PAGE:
Reading thoughts as evidence in court? The science fiction or the future of proof?

We often hear that one or the other defendant has “passed the polygraph”, but this fact should in no way affect the determination of whether someone is truly guilty or not. Polygraph is a method that is largely obsolete and proven unreliable to establish truthfulness. Concern is, in fact, often using it in today’s judiciary. However, is there any scientific method that can with certainty determine whether someone is telling the truth or not?

Breakthrough in the field of proving true FMRI or functional magnetic resonance. It is a technique that reads the brain’s response, that is, the detection of the “signature” of the brain for individual psychic surgeries, and for example, it is possible in theory to detect a neuronal response pattern to situations in which the defendant consciously lies. Whether the FMRI is a reliable method, the practice will reveal, but scientists claim with great confidence that they can detect a brain print for all situations, and therefore for the lie and the truth. The brain is actually a sophisticated machine that responds to certain stimuli and what distinguishes it from volatile surgeries that largely affect the classical polygraph is that brain operations are out of our power of action and are therefore more reliable. The first case in which the FMRI was used as evidence is the case of Aditi Sharma of India whose cordial signature indicated that she was involved in the murder of her fiancé. Although the new evidence was taken into consideration, and directly higher courts did not dispute this evidence.

The FMRI may be far from comprehensive implementation of the commission of criminal offenses, but the question arises whether such a thing can be allowed? We believe that the development of human rights in the future will have to go in the direction of protecting thoughts, not only in terms of their expression on the outside world, but also in the sense of the right to personal, intimate thought. After all, we need to emphasize the disadvantages of thinking, especially now that we know that various stimulants can influence the thinking and understanding of reality. We believe that before using such an evidence, one should create preconditions both legal and scientific in the form of a complete decipherment of the process of thinking and the human brain as the most sophisticated “hardware”.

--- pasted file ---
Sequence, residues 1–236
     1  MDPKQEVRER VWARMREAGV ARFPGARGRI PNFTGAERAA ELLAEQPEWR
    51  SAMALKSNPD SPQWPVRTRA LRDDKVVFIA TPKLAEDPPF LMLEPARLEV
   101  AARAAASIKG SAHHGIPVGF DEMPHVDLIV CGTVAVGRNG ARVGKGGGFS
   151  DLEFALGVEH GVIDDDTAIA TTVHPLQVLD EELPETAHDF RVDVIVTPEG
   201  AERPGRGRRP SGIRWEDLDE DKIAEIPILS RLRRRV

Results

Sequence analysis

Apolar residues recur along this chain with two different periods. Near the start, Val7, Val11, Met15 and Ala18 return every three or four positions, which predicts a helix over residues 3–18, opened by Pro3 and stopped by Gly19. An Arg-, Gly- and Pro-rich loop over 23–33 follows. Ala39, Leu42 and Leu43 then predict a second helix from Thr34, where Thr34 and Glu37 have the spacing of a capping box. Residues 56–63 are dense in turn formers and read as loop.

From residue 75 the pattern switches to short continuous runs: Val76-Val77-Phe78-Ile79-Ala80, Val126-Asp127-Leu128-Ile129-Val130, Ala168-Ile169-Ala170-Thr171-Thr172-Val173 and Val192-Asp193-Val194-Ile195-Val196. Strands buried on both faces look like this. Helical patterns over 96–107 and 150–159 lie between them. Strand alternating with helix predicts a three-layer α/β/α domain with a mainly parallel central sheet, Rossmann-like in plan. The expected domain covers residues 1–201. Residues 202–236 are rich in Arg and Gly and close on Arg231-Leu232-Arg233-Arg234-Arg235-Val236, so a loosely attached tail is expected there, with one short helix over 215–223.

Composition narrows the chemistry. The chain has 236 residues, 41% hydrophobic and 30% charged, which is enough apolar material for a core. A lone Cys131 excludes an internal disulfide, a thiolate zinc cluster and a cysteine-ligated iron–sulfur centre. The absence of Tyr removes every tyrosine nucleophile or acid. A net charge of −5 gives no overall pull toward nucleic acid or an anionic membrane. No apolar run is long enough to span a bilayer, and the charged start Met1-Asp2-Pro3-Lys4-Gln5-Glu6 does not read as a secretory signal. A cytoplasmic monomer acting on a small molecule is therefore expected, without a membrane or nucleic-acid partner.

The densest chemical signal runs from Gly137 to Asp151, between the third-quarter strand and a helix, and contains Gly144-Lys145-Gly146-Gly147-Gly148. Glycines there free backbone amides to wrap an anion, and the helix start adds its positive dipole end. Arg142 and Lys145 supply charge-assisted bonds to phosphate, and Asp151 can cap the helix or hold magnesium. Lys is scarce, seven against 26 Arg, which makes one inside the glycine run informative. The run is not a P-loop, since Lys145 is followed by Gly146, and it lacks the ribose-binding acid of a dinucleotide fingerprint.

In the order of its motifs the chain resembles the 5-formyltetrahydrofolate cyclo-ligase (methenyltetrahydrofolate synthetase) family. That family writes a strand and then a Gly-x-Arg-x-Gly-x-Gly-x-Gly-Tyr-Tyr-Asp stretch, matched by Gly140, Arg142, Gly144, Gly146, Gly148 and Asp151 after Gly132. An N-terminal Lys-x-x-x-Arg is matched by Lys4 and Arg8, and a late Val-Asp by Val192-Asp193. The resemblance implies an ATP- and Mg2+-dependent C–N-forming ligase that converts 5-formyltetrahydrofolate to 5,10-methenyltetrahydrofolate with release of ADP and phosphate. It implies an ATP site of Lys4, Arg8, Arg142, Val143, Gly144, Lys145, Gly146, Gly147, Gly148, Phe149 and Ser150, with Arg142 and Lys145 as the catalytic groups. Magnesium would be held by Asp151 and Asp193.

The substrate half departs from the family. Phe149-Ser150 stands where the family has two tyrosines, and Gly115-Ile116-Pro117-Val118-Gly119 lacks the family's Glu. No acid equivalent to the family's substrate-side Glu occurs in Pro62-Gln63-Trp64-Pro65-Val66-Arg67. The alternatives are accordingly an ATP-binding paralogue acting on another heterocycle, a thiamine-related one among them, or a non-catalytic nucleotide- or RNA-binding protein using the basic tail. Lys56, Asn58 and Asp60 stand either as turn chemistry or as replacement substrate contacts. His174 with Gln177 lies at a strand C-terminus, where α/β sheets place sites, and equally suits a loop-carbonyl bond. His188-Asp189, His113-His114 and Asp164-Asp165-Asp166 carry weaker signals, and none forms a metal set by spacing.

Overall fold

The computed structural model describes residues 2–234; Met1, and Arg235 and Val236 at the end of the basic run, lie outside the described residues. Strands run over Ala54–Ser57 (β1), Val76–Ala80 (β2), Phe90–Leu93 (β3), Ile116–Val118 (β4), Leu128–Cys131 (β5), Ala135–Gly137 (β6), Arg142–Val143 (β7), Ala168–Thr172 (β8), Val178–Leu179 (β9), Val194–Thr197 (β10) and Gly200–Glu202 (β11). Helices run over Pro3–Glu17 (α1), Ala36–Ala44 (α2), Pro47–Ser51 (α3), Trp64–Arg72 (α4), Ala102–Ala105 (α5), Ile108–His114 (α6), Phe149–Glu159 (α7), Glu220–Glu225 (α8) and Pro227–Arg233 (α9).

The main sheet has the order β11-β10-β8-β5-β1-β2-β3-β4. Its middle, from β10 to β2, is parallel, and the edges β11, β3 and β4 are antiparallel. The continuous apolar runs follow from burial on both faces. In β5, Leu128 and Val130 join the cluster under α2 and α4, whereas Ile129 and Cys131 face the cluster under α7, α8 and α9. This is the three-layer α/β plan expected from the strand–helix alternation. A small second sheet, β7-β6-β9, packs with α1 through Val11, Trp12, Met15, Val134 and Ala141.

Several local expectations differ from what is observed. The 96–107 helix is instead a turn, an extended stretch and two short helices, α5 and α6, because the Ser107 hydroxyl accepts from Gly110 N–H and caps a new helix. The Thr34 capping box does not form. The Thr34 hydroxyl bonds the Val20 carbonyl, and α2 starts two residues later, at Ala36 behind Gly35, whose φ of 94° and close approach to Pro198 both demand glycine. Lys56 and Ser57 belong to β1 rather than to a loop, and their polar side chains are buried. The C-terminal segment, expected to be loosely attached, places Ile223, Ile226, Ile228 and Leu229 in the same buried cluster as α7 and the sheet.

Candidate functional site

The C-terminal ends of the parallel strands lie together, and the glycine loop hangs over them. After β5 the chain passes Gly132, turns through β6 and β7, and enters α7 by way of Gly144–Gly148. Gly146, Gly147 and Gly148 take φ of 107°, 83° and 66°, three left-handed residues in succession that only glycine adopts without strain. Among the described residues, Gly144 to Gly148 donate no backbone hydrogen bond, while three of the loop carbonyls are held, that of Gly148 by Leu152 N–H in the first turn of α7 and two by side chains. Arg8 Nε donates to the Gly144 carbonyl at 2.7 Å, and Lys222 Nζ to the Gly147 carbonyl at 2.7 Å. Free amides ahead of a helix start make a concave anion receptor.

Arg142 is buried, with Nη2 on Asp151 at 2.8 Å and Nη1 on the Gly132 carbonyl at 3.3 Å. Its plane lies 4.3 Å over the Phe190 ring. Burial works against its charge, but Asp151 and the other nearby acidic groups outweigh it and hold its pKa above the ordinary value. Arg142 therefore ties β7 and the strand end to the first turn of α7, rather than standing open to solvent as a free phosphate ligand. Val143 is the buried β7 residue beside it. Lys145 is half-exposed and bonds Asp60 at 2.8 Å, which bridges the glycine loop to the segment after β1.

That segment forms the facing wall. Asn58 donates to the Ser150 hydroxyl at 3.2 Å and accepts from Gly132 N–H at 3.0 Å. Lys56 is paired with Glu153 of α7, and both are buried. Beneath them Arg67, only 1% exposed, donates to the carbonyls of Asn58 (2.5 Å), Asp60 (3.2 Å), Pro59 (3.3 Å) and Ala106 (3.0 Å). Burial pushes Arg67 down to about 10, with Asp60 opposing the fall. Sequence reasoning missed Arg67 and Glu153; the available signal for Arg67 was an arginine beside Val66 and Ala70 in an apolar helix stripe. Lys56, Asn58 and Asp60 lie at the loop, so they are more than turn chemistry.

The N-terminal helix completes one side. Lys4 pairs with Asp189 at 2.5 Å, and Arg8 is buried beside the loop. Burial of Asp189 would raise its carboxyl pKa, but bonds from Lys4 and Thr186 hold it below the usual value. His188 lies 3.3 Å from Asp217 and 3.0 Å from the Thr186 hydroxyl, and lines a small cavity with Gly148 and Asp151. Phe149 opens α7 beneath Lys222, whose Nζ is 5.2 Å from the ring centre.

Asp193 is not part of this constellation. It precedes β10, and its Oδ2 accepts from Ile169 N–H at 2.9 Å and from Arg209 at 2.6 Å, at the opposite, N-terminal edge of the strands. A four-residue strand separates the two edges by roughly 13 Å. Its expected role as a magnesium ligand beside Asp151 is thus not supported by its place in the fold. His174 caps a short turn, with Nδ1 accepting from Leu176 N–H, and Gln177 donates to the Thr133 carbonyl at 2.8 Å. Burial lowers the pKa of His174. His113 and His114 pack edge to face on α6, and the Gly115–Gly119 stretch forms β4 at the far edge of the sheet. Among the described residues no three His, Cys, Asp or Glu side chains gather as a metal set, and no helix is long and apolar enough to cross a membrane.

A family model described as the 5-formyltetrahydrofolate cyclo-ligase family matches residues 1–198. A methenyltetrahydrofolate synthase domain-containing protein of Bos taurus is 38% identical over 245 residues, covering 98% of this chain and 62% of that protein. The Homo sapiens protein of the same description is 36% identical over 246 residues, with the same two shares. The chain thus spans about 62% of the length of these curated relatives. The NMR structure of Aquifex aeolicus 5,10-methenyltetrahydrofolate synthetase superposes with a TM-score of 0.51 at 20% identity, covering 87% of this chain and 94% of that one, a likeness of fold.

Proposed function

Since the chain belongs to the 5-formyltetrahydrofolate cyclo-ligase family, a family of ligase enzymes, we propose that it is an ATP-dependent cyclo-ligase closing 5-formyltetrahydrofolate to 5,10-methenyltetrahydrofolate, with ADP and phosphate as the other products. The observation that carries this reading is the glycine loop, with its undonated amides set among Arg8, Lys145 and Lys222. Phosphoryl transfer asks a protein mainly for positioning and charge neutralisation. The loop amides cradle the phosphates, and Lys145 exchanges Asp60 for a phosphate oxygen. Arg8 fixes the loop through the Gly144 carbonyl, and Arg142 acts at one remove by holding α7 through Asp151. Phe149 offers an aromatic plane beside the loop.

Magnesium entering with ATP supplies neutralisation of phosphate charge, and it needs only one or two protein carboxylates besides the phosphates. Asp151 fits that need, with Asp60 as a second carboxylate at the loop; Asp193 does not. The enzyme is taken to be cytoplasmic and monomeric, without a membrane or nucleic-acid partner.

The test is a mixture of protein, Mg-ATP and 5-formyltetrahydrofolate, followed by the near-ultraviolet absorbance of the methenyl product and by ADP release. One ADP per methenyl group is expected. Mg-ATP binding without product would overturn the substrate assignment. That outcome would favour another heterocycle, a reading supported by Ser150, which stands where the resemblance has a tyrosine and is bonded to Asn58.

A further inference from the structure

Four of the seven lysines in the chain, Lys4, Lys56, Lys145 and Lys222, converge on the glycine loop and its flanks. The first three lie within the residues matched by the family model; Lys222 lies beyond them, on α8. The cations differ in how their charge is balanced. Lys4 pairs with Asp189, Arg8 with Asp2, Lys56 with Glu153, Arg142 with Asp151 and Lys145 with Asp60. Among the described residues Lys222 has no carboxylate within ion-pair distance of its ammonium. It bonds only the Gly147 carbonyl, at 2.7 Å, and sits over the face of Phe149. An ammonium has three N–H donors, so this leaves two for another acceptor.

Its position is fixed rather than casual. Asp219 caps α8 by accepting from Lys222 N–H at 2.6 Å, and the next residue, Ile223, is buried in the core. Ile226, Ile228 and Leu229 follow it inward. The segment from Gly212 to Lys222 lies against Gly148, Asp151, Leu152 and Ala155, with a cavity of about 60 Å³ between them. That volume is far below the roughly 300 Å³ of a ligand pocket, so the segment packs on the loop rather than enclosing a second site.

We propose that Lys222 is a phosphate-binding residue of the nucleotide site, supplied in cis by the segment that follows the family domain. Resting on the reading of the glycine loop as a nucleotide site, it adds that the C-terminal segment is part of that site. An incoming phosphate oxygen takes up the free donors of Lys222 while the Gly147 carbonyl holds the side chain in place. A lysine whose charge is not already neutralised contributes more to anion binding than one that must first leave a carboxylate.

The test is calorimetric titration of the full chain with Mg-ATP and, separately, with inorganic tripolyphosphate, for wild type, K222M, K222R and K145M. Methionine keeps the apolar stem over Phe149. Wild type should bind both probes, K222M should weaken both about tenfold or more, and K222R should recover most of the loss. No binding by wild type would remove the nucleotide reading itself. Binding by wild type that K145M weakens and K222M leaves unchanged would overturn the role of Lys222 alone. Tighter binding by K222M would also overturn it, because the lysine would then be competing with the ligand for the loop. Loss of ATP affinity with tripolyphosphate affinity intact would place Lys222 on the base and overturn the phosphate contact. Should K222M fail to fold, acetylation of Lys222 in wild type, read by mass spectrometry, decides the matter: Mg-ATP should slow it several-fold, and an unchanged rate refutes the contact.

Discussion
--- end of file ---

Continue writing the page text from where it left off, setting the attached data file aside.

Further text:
Since the use of FMRI in proving in Serbia, we are still very far away, especially considering that magnetic resonance is difficult to do even in its original function, for the detection and treatment of the disease. On the other hand, some other scientific techniques appear, which will soon become irreplaceable in their use as means of proof. It is with great pride that we can say that our office was the first in Serbia as an instrument of proof to engage in 3D reconstruction in the process of killing Gardista at Topcider, and that after that, in many cases this evidence took its place in the illumination of crimes, and especially in cases of traffic accidents and reconstruction of the crime scene.

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